President Obama recently honored the Clemente Course in the Humanities with a distinguished National Humanities Medal, bringing Worcester’s own section of the course confirmation of everything students and leaders are working for.
When Jim Cocola, associate professor of literature, film, and media in WPI’s Humanities and Arts Department and the academic director of Worcester’s Clemente Course in the Humanities, first thought about helping restart the initiative after it had been on hiatus for over a decade, he wondered how much traction the program would have across the city. As the course prepares to launch its second year, Cocola is pleased with the collaboration among area individuals, institutions, and organizations.
The Clemente Course in the Humanities is an 8-month, twice-a-week course of educational classes that aim to bring together economically challenged people from all walks of life for close study of the humanities, including literature, philosophy, American history, art history, and critical thinking and writing.
This year marks the 20th anniversary since the Clemente Course in the Humanities was founded by historian Earl Shorris. Graduates of the program are eligible to earn up to six college credits, often allowing them to take that next step into degree-earning programs.
On Sept. 10, the National Endowment for the Humanities, an independent federal agency, recognized the Clemente Course in the Humanities and nine other individuals and institutions for their work. According to the organization, “The National Humanities Medal honors an individual or organization whose work has deepened the nation’s understanding of the human experience, broadened citizens’ engagement with history and literature, or helped preserve and expand Americans’ access to cultural resources.”
This year’s Worcester program kicks off with an orientation on Sept. 29 and a start date of Oct. 1. Most students in the program have barriers to higher education that have prevented them from earning college credit or finishing their degrees. Students who are admitted to the program pay no tuition; transportation, child care, books, and fees are provided.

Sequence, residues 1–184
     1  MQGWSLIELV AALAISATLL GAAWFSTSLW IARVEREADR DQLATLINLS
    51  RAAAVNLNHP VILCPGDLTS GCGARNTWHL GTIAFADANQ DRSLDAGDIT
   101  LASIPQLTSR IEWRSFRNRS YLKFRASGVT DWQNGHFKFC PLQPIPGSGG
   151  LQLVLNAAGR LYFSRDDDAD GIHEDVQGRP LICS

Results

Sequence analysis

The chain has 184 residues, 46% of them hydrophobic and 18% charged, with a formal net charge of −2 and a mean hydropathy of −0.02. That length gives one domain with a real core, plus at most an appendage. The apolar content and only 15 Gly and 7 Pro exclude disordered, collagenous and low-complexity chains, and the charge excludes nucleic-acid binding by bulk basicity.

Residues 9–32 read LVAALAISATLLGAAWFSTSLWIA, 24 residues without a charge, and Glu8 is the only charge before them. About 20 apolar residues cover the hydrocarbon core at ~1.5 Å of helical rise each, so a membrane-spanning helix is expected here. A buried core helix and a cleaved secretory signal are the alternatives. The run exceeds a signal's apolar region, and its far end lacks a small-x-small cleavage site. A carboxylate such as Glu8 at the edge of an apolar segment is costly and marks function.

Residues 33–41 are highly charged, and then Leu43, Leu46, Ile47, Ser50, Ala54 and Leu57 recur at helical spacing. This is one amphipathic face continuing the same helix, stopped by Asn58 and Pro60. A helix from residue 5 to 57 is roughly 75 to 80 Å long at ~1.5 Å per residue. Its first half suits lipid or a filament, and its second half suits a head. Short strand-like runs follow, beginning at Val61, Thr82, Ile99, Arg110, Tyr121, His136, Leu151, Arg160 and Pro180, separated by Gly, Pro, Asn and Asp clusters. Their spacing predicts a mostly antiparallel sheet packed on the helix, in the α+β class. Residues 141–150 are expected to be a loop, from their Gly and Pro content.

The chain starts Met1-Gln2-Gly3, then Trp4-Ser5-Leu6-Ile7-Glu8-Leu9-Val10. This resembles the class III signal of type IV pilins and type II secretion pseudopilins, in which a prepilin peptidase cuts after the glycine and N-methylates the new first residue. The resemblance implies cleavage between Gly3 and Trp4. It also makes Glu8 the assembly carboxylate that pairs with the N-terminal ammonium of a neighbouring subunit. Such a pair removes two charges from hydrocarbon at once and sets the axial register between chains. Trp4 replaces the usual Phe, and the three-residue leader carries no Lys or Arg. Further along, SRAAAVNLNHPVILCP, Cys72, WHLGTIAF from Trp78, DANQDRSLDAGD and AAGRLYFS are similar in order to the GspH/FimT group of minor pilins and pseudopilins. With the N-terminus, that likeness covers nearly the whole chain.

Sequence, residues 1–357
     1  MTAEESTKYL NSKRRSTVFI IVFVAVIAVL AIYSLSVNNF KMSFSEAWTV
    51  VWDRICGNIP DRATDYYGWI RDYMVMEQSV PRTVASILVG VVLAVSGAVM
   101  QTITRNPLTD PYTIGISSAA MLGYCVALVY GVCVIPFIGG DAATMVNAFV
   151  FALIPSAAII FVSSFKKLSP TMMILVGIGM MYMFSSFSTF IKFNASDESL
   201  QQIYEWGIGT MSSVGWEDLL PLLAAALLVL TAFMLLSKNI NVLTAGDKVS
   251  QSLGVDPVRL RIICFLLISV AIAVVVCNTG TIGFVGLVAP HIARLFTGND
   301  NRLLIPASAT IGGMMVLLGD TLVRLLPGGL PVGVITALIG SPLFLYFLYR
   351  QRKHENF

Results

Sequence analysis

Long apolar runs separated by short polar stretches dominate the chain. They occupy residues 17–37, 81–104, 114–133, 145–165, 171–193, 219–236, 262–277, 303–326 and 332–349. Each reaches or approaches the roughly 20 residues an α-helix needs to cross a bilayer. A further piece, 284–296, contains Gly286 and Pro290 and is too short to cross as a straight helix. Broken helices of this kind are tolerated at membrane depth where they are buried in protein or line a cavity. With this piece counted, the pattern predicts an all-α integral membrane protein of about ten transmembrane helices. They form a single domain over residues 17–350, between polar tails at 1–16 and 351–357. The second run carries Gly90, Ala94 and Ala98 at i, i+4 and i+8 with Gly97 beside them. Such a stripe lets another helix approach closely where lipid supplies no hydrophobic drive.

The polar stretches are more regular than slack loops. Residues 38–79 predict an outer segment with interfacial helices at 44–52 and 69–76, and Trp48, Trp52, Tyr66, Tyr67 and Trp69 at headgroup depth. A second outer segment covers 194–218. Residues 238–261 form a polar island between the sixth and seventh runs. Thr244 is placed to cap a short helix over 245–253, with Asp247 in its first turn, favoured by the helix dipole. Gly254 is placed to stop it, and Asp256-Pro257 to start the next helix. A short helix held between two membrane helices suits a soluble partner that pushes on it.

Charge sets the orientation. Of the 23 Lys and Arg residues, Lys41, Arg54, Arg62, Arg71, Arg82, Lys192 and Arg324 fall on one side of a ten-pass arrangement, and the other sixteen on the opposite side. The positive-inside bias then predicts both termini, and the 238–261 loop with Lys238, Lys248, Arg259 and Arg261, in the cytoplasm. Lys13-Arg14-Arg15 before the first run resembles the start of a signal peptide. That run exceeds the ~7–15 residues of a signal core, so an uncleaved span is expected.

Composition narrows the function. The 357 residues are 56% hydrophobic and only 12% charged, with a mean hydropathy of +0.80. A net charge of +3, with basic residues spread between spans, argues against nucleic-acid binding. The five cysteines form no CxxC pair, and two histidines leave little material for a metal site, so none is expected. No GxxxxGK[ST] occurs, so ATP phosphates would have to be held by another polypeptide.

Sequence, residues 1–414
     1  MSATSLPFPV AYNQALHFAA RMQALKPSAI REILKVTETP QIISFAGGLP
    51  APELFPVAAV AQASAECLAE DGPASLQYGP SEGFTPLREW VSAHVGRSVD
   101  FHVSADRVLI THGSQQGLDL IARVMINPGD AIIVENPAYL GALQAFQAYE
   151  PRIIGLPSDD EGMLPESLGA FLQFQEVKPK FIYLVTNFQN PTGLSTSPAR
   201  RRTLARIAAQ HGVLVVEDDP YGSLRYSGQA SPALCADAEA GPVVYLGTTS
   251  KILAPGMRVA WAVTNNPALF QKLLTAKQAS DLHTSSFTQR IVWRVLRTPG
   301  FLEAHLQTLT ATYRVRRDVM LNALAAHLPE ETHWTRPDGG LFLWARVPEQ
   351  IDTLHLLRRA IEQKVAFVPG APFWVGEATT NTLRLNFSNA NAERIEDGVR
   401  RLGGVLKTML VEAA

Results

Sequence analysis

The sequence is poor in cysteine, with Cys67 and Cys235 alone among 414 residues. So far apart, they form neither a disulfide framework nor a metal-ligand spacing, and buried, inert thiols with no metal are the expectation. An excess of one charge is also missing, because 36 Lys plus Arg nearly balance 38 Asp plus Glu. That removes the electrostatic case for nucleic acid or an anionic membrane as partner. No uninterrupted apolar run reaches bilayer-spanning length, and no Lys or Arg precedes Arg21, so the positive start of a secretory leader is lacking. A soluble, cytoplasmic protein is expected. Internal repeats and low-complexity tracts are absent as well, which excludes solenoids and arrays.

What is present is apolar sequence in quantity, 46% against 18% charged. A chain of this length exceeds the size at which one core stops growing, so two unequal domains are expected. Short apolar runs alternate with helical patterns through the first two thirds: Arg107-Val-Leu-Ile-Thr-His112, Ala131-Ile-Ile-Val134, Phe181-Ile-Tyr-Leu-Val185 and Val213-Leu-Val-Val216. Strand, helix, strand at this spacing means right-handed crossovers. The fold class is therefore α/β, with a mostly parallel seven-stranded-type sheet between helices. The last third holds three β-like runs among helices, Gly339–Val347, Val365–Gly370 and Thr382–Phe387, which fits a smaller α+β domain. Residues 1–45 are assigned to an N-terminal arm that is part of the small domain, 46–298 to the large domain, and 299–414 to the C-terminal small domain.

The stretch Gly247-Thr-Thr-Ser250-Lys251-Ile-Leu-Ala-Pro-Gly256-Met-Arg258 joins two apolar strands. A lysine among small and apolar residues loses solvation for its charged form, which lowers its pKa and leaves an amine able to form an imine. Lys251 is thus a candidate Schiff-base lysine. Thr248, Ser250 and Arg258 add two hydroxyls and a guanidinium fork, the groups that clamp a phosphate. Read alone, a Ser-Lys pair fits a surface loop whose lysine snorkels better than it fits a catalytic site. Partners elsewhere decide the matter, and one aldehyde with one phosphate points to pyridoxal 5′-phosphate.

Cocola knew about the Clemente Course in the Humanities from his work at Bard College and thought it would be an ideal match for the educational, economic, and cultural diversity in Worcester and the general support of the program in the state. “Six of the 30 programs nationally are here in Massachusetts and that speaks highly of the commitment of the Commonwealth to the ideas behind the initiative,” he says.
The Clemente Course in the Humanities is a community-wide effort. Educators from many colleges in the Worcester Consortium teach the classes, all of which will meet this year at the Worcester Art Museum. Together with MassHumanities, Worcester Interfaith sponsors the program, assisting with funding, reserving space for classes, arranging community dinners, and helping make the program a collaborative effort across the city. Worcester has quickly become a model for other Clemente Course launches because of the wide network of individuals, institutions, and organizations who partner together to offer funding or services, says Cocola.
Students come to the program through a selection process that has attracted about 50 applicants over each of the last two years. Prospective students who meet financial need requirements submit an application with a short essay, and then go through an interview process. “Their interest in the program really shows at the interview level,” says Cocola. Some applicants walk miles to attend the interview, and they come with histories ranging from asylum seekers to veterans. “Their stories are remarkable,” he says.
Ruth Smith, associate professor in the Humanities and Arts Department, taught the Clemente Course’s philosophy class last year and will do the same this year. “You find a group of people who often are not given a place to do liberal arts work,” she says of the students. The very nature of such diverse backgrounds lends itself well to the perspectives in class and with each other. “Everyone is given a fresh start,” she says, including the professors. Whether the students come with housing or racism issues, with legal or financial troubles, the valuable perspectives they add to the classroom isn’t based on stereotypical theories, but on real life, she says.
“The diversity in the room is unlike anything I have found elsewhere,” says Cocola. There are students from their late teens and early 20s and those in their 60s. The varied perspectives offer a rich layer to the students’ experiences, bringing new discussions to the classroom.
And Cocola says, the Clemente Course has far-reaching impact. Some of last year’s graduates are now enrolled in four-year colleges and universities, while others are undertaking an independent and continuing course of reading and learning. This year’s class includes neighbors and siblings of those who attended last year, as well as new students from various corners of the city. “Much of the emphasis on education in this country is understandably on preschool, elementary, middle, and high school, but lifelong learning also benefits people of all ages and communities of all kinds,” he says.
Smith adds that as children see their parents doing homework, the generational thread becomes very powerful. And even the act of approaching sometimes intimidating ideas of philosophy is freeing. “It’s the power of their opening up texts that seemed like they belonged to someone else,” says Smith.
Anyone interested in learning more about Worcester’s Clemente Course in the Humanities may contact Elizabeth Bacon, community coordinator, at email@example.com.
– BY JULIA QUINN-SZCESUIL